Wnt Signaling in Neurogenesis during Aging and Physical Activity.

Chen M, Do H - Brain Sci (2012)

Exercise releases norepinephrine (NE), which binds its GPCR, β-adrenergic receptor (βAR), and then activates cAMP-dependent protein kinase A (PKA), which is only one of many kinases capable of phosphorylating the transcription factor, cAMP-response element binding protein (CREB). Activated CREB is then able to transcribe a wide array of pro-survival genes, one of which is BDNF. The neurotrophin is then packaged into vesicles and released to the extracellular space, where it dimerizes before binding to its receptor, TrkB, which also dimerizes upon ligand binding. TrkB dimerization results in the receptor cross-phosphorylating on opposite tyrosine residues, which then activates many different downstream intracellular signaling pro-survival pathways, only two of which are illustrated here: the phosphatidylinositol 3′-kinase (PI-3K) and mitogen-activated protein kinase (MAPK), ultimately also phosphorylating CREB for continued transcription of BDNF. Any of these pathways can be slowed down or inactivated by the action of phosphatases.
© Copyright Policy - open-access
Related In: Results  -  Collection

License
Show All Figures
getmorefigures.php?uid=PMC4061808&req=5

brainsci-02-00745-f003: Exercise releases norepinephrine (NE), which binds its GPCR, β-adrenergic receptor (βAR), and then activates cAMP-dependent protein kinase A (PKA), which is only one of many kinases capable of phosphorylating the transcription factor, cAMP-response element binding protein (CREB). Activated CREB is then able to transcribe a wide array of pro-survival genes, one of which is BDNF. The neurotrophin is then packaged into vesicles and released to the extracellular space, where it dimerizes before binding to its receptor, TrkB, which also dimerizes upon ligand binding. TrkB dimerization results in the receptor cross-phosphorylating on opposite tyrosine residues, which then activates many different downstream intracellular signaling pro-survival pathways, only two of which are illustrated here: the phosphatidylinositol 3′-kinase (PI-3K) and mitogen-activated protein kinase (MAPK), ultimately also phosphorylating CREB for continued transcription of BDNF. Any of these pathways can be slowed down or inactivated by the action of phosphatases.
Mentions: Adult hippocampal neurogenesis enhances learning [89] and prevents cognitive decline [90] through an up-regulation of BDNF, which, upon binding to its receptor, TrkB [90], activates a wide array of intracellular signaling cell survival pathways (see [91] for review; [90], (Figure 3)). Likewise, exercise in young adults up-regulates various neurotrophins, particularly BDNF (and TrkB), in the hippocampus [87,91,92,93], eNOS and NO, leading to enhanced angiogenesis [94,95] or insulin-like growth factor I (IGF-1) from the periphery [96], thereby promoting neurogenesis [97,98]. As an epigenetic mechanism, such up-regulation may be mediated via suspension of the transcriptional repressing effects on transcription, specifically, for example, methyl CpG binding protein 2 (MeCp2), which is most commonly seen in sedentary rats (reviewed in [92]). As neurons depolarize McCp2 dissociates from the bdnf promotor IV region and then is phosphorylated as much as 25% in adult exercising rats [92].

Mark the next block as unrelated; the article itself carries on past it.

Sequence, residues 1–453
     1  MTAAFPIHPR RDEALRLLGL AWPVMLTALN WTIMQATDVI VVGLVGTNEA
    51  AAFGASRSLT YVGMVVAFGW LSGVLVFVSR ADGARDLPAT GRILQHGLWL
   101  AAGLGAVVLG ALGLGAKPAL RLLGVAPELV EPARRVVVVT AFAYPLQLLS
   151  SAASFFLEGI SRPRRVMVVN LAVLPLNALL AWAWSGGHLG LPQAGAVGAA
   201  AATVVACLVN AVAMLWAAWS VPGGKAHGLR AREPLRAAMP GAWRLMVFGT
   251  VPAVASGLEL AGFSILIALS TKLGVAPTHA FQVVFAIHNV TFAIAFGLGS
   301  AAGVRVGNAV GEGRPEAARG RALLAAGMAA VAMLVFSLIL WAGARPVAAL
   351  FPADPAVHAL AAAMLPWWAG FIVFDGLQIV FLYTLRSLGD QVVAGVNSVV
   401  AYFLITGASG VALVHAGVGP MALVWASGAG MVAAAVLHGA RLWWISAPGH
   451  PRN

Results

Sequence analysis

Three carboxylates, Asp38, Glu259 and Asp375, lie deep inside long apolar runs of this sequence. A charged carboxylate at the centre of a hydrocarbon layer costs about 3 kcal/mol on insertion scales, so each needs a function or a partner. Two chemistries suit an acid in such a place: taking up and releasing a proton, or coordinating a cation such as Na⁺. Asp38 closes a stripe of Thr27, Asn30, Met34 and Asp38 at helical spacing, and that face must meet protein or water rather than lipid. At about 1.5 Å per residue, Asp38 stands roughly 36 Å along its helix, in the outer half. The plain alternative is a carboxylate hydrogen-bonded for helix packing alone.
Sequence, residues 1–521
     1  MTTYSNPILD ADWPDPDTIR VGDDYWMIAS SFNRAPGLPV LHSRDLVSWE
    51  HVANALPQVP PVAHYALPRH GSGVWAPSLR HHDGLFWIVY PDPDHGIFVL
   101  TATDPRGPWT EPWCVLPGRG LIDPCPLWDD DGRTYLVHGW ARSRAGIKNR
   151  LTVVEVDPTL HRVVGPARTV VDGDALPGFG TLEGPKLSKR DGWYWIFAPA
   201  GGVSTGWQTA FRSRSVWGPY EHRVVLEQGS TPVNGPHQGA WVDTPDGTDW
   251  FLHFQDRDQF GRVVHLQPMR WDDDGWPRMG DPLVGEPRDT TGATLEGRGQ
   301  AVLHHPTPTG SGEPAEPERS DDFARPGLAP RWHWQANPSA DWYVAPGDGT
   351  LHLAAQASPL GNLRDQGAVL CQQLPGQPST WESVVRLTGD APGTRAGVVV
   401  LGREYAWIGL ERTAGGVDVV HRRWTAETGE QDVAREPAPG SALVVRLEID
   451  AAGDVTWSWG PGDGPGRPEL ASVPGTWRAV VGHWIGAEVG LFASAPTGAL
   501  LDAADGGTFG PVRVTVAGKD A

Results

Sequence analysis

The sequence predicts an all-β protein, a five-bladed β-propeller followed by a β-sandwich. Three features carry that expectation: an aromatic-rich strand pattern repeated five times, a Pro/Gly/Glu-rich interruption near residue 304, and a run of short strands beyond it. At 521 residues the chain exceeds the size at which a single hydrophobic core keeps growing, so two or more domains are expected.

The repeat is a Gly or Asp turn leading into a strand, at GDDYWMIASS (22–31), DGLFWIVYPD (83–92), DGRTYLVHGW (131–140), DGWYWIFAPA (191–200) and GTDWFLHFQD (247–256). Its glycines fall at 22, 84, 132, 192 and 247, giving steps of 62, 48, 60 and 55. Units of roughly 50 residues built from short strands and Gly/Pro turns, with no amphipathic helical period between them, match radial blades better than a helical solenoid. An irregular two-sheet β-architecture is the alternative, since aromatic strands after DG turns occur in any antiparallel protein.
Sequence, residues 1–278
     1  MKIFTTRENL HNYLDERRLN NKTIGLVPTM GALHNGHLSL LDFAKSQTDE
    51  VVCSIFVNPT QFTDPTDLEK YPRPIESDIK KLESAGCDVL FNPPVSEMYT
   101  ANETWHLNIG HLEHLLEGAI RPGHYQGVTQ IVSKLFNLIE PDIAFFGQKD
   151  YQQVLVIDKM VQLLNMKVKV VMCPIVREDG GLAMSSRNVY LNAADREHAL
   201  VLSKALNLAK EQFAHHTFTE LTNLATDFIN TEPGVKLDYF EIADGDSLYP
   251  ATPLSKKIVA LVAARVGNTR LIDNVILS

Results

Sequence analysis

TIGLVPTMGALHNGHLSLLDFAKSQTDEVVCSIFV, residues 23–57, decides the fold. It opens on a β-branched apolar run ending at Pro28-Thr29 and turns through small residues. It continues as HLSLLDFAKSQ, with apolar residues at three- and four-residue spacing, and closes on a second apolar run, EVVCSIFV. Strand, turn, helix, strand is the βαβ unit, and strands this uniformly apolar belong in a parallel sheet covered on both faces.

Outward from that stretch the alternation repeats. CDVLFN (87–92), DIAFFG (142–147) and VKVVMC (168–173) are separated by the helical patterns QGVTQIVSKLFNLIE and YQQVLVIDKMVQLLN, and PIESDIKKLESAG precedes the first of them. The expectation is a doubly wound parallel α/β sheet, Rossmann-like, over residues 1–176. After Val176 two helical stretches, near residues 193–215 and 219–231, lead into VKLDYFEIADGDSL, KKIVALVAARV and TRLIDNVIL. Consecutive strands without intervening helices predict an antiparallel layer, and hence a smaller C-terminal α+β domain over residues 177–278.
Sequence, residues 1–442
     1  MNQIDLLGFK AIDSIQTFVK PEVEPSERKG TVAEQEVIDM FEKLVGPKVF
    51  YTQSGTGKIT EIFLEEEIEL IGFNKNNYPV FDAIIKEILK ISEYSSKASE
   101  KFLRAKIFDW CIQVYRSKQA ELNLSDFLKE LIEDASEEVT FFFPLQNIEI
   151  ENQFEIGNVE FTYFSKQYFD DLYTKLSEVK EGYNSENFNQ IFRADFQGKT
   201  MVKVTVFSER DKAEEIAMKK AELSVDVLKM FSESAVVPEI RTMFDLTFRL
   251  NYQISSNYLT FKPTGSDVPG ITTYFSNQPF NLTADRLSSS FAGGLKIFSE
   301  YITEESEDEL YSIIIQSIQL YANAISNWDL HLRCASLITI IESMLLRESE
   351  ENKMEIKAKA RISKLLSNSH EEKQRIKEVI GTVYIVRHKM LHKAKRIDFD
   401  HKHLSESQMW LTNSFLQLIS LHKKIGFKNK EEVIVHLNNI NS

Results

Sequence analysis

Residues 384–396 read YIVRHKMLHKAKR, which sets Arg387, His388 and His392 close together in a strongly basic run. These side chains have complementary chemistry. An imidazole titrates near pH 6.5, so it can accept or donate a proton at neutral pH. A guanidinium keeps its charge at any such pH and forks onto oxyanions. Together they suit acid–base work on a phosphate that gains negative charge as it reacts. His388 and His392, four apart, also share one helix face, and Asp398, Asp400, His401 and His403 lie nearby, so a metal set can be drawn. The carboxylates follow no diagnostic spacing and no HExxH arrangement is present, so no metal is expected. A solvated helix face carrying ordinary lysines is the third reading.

Bottom Line: Relatively little is known, however, about how aging and physical activity affect the Wnt signaling pathway.Herein, we briefly review the salient features of neurogenesis in young and then in old adult animals.Then, we discuss Wnt signaling and review the very few in vitro and in vivo studies that have examined the Wnt signaling pathways in aging and physical activity.

View Article: PubMed Central - PubMed

Affiliation: Department of Biological Sciences, California State University, 5151 State University Drive, Los Angeles, CA 90032, USA. mchen@calstatela.edu.

ABSTRACT
Over the past decade, much progress has been made regarding our understanding of neurogenesis in both young and old animals and where it occurs throughout the lifespan, although the growth of new neurons declines with increasing age. In addition, physical activity can reverse this age-dependent decline in neurogenesis. Highly correlated with this decline is the degree of inter and intracellular Wnt signaling, the molecular mechanisms of which have only recently started to be elucidated. So far, most of what we know about intracellular signaling during/following exercise centers around the CREB/CRE initiated transcriptional events. Relatively little is known, however, about how aging and physical activity affect the Wnt signaling pathway. Herein, we briefly review the salient features of neurogenesis in young and then in old adult animals. Then, we discuss Wnt signaling and review the very few in vitro and in vivo studies that have examined the Wnt signaling pathways in aging and physical activity.

No MeSH data available.


Related in: MedlinePlus